There is no refuting the science: The 82-game NBA schedule wears players down physically, and when they are worn down they both do not play as well and are more susceptible to injury. This applies especially to back-to-backs and four games in five nights.
But we live in an age where proof doesn’t matter if you don’t want to believe it.
Enter Jason Terry. The old-school NBA veteran and current Milwaukee Buck was on his weekly SiriusXM Radio show, “The Runway” with co-host Justin Termine, and he railed against players getting rested this early in the season.
“Rest? Who wants to rest? Who wants to sit out of games? Practice, maybe yes, ok I get it. But the games? No, no, no, no. What did A.I. say? Not the game, not the game I love. No, we’re not going to rest. I can see maybe in April, it’s the last week, last two weeks, you already clinched your playoff positioning, there’s nothing really to play for, yeah, we may rest a little bit. … This is the second month of the season, there’s no reason to rest. You had all summer to rest….
And guys rest in practice anyway. If you’re a high minute volume guy, you’re playing 35-plus a night, you’re not really doing much practicing. Not if you’re on a winning team, so to speak. So I don’t get it, and I really don’t think this is coming from the players. This is more of management, coaching staff, training staff. I mean, they’ve got all this new technology, I mean, we’re wearing pagers in our tank tops and we’re out there running around and then after practice they take your meter out and we look at your load. I don’t know, maybe that has something to do with it. But, hey, if you’re any kind of competitive and your competitive juices are flowing, this is the second month of the season, of course the dog days are ahead of you, but this is what it’s about. This is what the grind is about. Can you play at your best when your body or your mind is not really feeling up to it? That’s what all the greats did. That’s why we watched Michael Jordan. That’s why we watched Larry Bird, Magic Johnson, Isaiah Thomas, all the greats. These guys never rested. They never took a day off. And so, for me, it’s just a new era that we play in and, yeah, it may give some guys longevity but you said it earlier, I played in both eras and I never rested, I never needed it.”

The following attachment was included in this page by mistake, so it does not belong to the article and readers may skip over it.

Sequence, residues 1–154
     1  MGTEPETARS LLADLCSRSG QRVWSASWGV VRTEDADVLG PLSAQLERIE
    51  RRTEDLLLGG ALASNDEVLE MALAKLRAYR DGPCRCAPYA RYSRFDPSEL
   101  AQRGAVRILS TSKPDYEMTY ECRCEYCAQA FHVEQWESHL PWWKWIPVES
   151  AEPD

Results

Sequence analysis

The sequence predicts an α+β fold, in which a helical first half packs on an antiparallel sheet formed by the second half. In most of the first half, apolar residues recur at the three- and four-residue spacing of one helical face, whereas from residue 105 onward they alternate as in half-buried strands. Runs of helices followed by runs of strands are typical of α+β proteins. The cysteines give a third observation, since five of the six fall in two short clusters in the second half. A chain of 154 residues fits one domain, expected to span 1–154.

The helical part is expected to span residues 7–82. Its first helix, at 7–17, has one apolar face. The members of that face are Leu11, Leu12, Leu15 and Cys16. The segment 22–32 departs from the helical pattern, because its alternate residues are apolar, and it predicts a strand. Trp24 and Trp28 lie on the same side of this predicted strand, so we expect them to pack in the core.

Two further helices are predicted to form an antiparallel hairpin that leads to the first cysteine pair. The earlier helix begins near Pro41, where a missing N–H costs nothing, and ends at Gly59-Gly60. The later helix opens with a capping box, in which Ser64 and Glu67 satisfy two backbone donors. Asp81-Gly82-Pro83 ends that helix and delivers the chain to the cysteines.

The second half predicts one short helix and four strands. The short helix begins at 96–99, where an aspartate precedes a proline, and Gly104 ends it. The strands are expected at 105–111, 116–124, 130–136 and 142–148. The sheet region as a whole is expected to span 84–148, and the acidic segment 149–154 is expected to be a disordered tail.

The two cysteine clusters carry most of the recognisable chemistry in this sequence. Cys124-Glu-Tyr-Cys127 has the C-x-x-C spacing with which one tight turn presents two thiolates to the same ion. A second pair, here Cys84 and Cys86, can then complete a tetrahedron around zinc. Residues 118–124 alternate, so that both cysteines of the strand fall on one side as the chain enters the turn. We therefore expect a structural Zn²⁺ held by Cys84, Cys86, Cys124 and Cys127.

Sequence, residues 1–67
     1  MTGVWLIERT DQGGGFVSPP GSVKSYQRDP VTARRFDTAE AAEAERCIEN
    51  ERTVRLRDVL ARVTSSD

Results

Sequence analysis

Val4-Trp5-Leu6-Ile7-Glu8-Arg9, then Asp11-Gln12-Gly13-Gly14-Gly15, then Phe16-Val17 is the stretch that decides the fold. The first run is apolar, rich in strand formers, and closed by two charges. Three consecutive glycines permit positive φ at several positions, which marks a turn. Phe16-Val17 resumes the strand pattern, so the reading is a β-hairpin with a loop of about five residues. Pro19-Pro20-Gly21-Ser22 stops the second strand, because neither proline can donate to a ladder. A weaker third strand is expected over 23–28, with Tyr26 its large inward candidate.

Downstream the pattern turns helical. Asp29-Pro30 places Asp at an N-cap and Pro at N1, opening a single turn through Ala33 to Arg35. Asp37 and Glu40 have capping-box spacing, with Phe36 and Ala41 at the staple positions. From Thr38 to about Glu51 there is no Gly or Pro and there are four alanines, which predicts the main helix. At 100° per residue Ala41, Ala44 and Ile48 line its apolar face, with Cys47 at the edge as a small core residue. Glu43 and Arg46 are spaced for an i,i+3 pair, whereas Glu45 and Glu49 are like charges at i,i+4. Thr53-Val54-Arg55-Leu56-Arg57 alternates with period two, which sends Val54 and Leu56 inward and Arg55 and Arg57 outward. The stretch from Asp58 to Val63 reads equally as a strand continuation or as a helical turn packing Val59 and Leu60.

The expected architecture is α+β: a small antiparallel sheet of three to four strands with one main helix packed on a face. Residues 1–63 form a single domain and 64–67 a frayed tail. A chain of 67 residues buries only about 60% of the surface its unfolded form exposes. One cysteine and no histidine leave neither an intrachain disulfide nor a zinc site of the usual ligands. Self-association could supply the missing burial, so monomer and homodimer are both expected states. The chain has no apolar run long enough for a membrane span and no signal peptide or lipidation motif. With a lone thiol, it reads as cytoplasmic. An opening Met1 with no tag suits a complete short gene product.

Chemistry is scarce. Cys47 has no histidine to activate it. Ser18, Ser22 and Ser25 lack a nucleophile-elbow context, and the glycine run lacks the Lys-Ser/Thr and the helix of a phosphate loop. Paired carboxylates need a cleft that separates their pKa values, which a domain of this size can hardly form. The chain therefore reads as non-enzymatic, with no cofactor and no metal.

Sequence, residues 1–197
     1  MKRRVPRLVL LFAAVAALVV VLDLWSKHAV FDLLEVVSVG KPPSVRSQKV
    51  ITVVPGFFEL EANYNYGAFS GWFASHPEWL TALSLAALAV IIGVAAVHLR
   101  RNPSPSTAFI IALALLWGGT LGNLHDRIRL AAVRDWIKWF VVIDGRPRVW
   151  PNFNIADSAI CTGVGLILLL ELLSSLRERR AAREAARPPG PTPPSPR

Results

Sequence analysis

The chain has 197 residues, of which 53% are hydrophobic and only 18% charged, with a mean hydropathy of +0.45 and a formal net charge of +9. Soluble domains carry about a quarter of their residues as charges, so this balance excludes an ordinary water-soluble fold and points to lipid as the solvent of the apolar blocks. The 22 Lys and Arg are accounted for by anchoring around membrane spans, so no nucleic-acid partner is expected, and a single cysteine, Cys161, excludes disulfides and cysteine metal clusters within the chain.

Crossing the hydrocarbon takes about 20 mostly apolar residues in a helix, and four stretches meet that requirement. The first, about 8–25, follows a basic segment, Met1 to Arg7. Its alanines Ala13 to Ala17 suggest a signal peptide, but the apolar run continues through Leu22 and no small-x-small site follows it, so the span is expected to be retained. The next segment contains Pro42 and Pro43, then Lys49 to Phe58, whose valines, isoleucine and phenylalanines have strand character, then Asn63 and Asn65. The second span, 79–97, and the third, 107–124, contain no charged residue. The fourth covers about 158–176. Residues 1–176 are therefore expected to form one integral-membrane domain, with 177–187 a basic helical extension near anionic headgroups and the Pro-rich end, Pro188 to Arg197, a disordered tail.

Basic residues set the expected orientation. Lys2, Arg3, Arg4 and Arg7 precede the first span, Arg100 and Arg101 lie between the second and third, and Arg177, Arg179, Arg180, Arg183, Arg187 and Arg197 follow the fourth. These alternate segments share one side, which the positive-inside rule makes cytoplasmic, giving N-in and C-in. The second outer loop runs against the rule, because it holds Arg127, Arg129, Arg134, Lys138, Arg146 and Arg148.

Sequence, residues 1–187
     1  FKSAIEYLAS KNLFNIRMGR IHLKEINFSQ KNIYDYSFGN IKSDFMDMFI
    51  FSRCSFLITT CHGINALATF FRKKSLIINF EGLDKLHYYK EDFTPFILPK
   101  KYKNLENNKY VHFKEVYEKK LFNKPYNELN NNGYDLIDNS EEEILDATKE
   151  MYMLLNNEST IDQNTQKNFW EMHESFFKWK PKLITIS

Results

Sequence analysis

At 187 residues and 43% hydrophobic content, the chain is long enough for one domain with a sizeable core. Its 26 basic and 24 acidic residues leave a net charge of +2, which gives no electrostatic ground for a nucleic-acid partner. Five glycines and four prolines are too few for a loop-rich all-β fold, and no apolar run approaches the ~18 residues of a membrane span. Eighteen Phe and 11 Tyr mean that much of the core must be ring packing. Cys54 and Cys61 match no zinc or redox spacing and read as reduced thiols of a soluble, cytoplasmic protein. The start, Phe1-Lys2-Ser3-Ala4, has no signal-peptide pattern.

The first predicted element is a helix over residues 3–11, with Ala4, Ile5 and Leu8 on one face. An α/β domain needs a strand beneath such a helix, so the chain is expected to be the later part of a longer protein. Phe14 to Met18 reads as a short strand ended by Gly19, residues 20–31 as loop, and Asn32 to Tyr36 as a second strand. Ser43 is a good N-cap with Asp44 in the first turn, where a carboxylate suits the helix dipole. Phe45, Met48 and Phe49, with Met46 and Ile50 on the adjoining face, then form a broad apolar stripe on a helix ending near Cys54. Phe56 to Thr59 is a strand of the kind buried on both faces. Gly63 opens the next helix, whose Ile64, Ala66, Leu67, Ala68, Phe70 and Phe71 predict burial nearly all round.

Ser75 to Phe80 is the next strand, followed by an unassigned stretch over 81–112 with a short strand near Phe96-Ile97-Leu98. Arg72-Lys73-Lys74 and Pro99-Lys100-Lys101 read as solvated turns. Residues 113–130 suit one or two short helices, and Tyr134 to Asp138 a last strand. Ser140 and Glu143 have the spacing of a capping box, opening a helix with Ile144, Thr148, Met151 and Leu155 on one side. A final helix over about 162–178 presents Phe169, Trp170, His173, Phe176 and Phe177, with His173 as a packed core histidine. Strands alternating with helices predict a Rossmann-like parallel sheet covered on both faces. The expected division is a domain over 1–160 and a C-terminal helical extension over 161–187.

Terry shoots his own argument in the foot — the best players already barely practice. There are walk throughs, shootarounds, and some time in the weight room, but few “practices” like we picture in an NBA season. This isn’t high school ball. Still, players are fatigued and get injured because of the grind. They always have, it just wasn’t tracked before. Would Larry Bird’s back have allowed him to play longer if he got more rest?
Would LeBron James have willingly taken the court in Memphis this week — or Kevin Love, or Kyrie Irving — and played, and played well? Yes. Without a doubt. If you doubt the competitive fire of today’s top NBA players, you’re deluded.
But there also is no doubting the facts that all those “pagers” and science shows — fatigued players are far more likely to get injured. If you’re Tyronn Lue, you know you’re going to be the top seed in the East and probably on to the Finals (sorry Toronto). What matters to you more than a December game in Memphis is the health of your players. Keeping them rested and fresh. Keeping them on the court. So you make the big picture decisions even if that hurts the team for a night in the short term.
Even if that rest looks bad for the league. And no doubt it does.
The NBA is taking a step with the new CBA to start the season a week or so early to allow more space in the schedule, thereby reducing the number of back-to-backs. That will help. But as the only real solution is cutting the season back by 20 or so games, and we know that is happening, rest is going to be part of the NBA going forward.